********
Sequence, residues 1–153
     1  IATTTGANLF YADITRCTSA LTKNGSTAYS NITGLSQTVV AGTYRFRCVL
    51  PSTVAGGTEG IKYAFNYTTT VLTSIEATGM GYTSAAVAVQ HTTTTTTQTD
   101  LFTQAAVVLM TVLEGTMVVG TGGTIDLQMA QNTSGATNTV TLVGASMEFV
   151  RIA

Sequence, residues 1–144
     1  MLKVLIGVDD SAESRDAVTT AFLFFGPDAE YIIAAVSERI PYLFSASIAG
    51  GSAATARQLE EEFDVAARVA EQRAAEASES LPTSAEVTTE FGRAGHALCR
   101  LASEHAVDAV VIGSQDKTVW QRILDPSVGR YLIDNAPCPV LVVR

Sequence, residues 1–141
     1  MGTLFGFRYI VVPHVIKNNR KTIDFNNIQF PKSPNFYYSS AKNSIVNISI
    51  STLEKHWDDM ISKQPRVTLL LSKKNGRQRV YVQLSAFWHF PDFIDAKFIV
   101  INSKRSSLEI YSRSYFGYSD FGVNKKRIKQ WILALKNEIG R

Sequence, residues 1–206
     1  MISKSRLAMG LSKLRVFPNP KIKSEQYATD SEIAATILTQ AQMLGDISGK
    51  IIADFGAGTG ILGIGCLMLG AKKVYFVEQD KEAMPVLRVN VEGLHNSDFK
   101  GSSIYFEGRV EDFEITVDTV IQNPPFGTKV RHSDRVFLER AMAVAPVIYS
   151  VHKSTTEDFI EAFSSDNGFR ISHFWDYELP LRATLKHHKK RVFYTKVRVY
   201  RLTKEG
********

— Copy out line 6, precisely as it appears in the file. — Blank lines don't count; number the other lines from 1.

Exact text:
Sequence, residues 1–144